Looking at Tommy, much like many others who have Kidney Disease, you would never know that he and his family deal with this disease every single day. There is the constant regimen of medications and diet. There are no days off. But what you see in Tommy, is not so much of a person that is sick, but of young kid trying to enjoy every day with his family, friends, teammates and classmates. Much of Tommy’s life is like every other 15 year old but there are many things so different because of the disease. While he is one of the lucky ones so far, there are many battling much worse symptoms. His daily medication has many side effects…still most troubling to him is growth deceleration. He continues a sodium restricted diet and though he is used to it by now, the daily reminder of being different is always there.
|This is Tommy with the logo he made for his walk.|
One of the sad truths to this rare form of Kidney Disease is that approximately half of all children with DDD/MPGN II will go into kidney failure between 8-10 years after diagnosis. These children will require dialysis or transplantation in order to stay alive.
Two of the things I remember vividly as I was being rolled into the operating room for my transplant…one was of my brother, Tommy (see I told you there were a lot of Tommy’s in our family) going through surgery to help save my life; and the other was of Tommy Jr., just wishing that there would be a cure for his form of Kidney Disease, so he wouldn’t have to experience full kidney failure, dialysis or even the possibility of needing a transplant.
Which brings me to another sad truth of MPGN II/DDD, is that funding for research for DDD is extremely limited. So, Tommy, with the help of his family, aunts, uncles and grandparents, started to raise money for DDD. This year he will be participating in Tommy Kane’s 4th Annual Walk/Run Benefit for Kidneeds, which will be held on October 15th – just a couple of weeks away.
Tommy would like to raise as much as he possibly can for his disease, and this year he has set a goal of $8,000. Unfortunately, Tommy has a ways to go in order to reach his goal. So, I would like to ask all of you to consider helping Tommy reach his goal. I realize things are tight for everyone, but even if everyone contributed a just $5, $10, or even $20 (a week’s worth of coffee at Dunkin’ Donuts, or any other coffee shop), that would go a long way in helping Tommy reach his goal.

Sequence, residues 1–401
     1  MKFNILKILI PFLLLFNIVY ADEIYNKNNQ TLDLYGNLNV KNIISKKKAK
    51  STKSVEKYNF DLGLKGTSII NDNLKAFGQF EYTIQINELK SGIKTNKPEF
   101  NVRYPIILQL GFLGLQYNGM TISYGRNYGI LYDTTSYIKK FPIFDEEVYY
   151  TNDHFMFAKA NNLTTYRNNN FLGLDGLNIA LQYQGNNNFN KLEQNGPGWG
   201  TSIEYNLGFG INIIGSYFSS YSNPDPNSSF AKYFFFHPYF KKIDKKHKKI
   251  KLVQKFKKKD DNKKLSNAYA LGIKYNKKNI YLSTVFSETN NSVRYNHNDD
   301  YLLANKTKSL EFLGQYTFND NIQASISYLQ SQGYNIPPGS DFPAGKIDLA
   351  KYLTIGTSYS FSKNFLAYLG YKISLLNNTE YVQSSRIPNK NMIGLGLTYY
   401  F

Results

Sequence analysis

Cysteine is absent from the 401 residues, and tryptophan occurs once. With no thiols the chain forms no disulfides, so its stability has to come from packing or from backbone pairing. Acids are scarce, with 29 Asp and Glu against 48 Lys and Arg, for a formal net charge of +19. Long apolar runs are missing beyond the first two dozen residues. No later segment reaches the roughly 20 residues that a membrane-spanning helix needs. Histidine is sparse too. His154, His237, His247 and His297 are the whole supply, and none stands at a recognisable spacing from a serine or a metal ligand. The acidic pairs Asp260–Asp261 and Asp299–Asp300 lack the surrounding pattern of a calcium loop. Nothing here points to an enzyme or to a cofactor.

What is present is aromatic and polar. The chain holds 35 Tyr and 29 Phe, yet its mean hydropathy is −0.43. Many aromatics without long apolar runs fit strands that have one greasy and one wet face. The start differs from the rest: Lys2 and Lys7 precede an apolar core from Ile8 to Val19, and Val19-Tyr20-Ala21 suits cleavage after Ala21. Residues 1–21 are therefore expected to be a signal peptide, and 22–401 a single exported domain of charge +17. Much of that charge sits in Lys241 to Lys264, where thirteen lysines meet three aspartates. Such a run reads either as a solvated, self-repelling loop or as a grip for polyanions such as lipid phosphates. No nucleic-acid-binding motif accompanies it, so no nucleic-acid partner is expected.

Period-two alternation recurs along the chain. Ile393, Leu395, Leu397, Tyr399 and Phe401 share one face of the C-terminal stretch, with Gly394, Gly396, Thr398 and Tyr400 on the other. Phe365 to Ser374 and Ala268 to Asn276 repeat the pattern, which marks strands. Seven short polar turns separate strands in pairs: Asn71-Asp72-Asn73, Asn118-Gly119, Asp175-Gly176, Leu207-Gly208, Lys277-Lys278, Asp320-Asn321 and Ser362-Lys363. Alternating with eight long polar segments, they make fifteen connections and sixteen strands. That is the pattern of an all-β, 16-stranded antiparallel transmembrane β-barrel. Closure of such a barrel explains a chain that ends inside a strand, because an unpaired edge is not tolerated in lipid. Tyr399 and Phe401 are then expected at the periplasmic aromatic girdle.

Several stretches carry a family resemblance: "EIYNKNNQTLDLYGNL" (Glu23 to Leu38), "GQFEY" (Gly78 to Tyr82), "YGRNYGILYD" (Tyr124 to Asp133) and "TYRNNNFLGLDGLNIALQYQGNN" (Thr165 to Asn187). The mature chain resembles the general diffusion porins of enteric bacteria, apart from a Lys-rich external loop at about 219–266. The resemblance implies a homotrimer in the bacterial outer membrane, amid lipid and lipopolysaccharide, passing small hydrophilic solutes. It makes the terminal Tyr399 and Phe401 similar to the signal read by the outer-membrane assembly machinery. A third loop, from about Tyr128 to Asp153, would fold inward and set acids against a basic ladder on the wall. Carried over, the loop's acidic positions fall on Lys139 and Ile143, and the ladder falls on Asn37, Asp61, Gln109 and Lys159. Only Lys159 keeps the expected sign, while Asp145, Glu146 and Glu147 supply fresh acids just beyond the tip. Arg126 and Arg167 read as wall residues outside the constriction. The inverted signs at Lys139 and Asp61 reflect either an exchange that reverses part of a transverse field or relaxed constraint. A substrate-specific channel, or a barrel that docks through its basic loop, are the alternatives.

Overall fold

Tax deductible donations can be made online at: http://www.active.com/dona
If you are also within an hour or two drive of the Philadelphia/Bensalem area and would like to participate in this event registration begins at 9am for the 5K Run/Walk (3.1 mile), which will start at 9:30 am, followed by a 1 Mile Fun Run/Walk starting at 10:00 am. Tommy’s walk will be held at Neshaminy State Park, Pavilion #1. The park address is 3401 State Road, Bensalem, PA 19020, which is located at the intersection of State Road & Dunks Ferry Road. It is easily reached from the PA 132 (Street Road) Exit off I-95.
Please do me a favor…please pass along the link to this blog or the Facebook page to everyone in your address books/contact lists. I would like to call attention to Kidney Disease in general, and MPGN II/DDD specifically. I would love to see Tommy reach his goal, that would be a tremendous accomplishment, and he would be doing his part to reduce that number of 26 million affected by Kidney Disease! On behalf of Tommy and his family, I want to thank you for helping him raise these funds and reach his goal. If you would like additional information about DDD, please visit: http://www.medicine.uiowa.edu/kidneeds/index.htm
If you, or someone you know is interested in organ donation, please contact: www.neod.org; www.donatelifenewengland.org, www.organdonor.gov; www.unos.org; www.donatelife.net; www.organtransplants.org; or www.thewaitinglist.org, or, by all means, speak to your own physician, or feel free to send me an email.